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Jessica Strong at home in Frankfurt.

Jessica Strong at home in Frankfurt.

Homecoming Abroad: All the world’s her stage

September 12, 2017 — 

A powerful top, an assured coloratura and great dramatic artistry. This is how reviews in Germany, France and Italy have described Jessica Strong [BMus/08, PBMus/09].

For the non-opera aficionados, Strong is hailed as a superbly talented soprano, and everywhere she goes, the world takes notice.

Since graduation, Strong has graced stages in Poland, Belgium, the Netherlands, the United States – including Carnegie Hall – and here in Winnipeg with the WSO.

Currently, she calls Frankfurt home where she is busy rehearsing for her lead role in Samuel Barber’s Vanessa, with Oper Frankfurt this fall.

We recently chatted with Jessica at her home in the bustling German metropolis.

WHAT BROUGHT YOU TO GERMANY?

I initially moved to Frankfurt as a member of the opera studio — kind of like an internship for musicians — and am now working as a freelance opera singer.

WHAT’S IT LIKE TO BE LIVING AND WORKING IN GERMANY?

The best thing about living in Frankfurt is the Apfelwein (apple cider)! No, I’m kidding. Probably what I’ve enjoyed most is being able to travel frequently and quickly around Europe. My boyfriend lives in Paris and it’s a quick 3.5 hour train ride away!

As an opera singer working in Germany, you need to be flexible! Premieres of new productions can feel similar to those I performed in Canada. However, Wiederaufnahme (or revival productions) are remounts of previously produced shows with significantly quicker rehearsal periods. Last year we staged a production of Falstaff in eight days, and for my debut as Donna Anna in Don Giovanni, I had around eight hours of official staging time – and zero time with the orchestra before my first performance.

WHAT IS YOUR FAVOURITE MEMORY FROM YOUR TIME AT U OF M?

I have so many wonderful memories from my time at the U of M. From inspiring master classes with the faculty and my fellow students, to one-on-one lessons with my wonderful teacher Valdine Anderson, to noon-hour recitals, or trying to steal one of the few practice rooms available.

From the many memories I have, one that jumps to mind happened in the Contemporary Opera Lab back in 2007. My friends and I were on a break, lying outside the old Faculty of Music building on the grass. We were practicing a team building exercise that we’d been taught. You lie in a circle with your head resting on the person to your right’s stomach. Once everyone is settled, there is only one goal: do not laugh. It seems simple enough, but all it takes is one person to laugh and pandemonium will ensue! Like the wave, or a ripple effect, we all broke out into hysterics at the sight of a head bobbing up and down on your stomach, and collapsed in laughter on the grass. I highly recommend you try it!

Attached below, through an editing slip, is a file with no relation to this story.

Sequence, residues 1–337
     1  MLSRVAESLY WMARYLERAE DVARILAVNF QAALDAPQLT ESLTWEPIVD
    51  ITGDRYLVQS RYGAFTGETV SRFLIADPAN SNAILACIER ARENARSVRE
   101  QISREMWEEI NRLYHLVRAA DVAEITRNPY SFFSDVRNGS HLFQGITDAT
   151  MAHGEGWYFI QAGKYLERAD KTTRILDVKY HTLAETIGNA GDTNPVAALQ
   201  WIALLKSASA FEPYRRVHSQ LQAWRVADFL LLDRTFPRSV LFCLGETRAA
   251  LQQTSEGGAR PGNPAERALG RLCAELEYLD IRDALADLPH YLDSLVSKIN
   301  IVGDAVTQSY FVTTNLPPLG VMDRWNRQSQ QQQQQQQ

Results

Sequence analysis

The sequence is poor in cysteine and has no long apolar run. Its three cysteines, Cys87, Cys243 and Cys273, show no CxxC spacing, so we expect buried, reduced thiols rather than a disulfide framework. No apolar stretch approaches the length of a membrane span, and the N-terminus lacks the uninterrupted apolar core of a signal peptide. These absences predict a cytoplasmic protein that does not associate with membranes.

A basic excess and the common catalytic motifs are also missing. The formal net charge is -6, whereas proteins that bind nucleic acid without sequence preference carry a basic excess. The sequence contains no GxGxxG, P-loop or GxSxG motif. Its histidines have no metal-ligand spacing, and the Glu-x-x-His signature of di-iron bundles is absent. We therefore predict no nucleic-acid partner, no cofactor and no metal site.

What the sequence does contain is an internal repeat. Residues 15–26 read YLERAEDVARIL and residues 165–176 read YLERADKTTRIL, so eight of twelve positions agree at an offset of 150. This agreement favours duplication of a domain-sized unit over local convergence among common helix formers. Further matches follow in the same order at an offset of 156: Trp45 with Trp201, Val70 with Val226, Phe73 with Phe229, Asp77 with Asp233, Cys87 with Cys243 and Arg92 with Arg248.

That may seem like a silly memory, but it was just one way to build up trust between you and your colleagues, and allow you to feel comfortable to explore and create in a safe environment. That was the Faculty of Music for me: a nurturing and creative place to learn, explore and find your artistic voice.

THE U OF M IS CELEBRATING ITS 140th ANNIVERSARY. WHAT DO YOU HOPE THE U OF M ACCOMPLISHES OVER THE NEXT 140 YEARS?

I hope that in the next 140 years, future graduates will continue to be proud of what they accomplished at the U of M. I know particularly with the Faculty of Music, they are now able to take the fantastic education they were providing and pair it with a fantastic new facility! That is very exciting for future students and faculty!

WHAT DOES THE U OF M MEAN TO YOU?

The U of M is the place where I realized that a career as a performer was possible. It was the place that gave me the tools to pursue what I love. I will always be grateful for this, as it set me on the path to adventure, travel, and possibilities I didn’t know I was capable of achieving.

NOT ALL ALUMNI CAN COME BACK FOR HOMECOMING. HOW DO YOU STAY CONNECTED WITH THE U OF M?

I stay in touch with former teachers and keep up to date on what’s happening in the Faculty of Music. I would love to come back and sing at the new Taché Arts Complex the next time I visit Winnipeg!

 

To celebrate Homecoming 2017, UM Today will be running the Homecoming Abroad series, featuring alumni and students across Canada and around the world who are proving that from here you can go anywhere.

Homecoming is a chance to reconnect, reminisce, and celebrate. Join the U of M community at our Grand Opening of the New Addition to the Taché Arts Complex on Sept. 14 or meet up with fellow alumni at faculty, college, and reunion events from Sept. 11-17.

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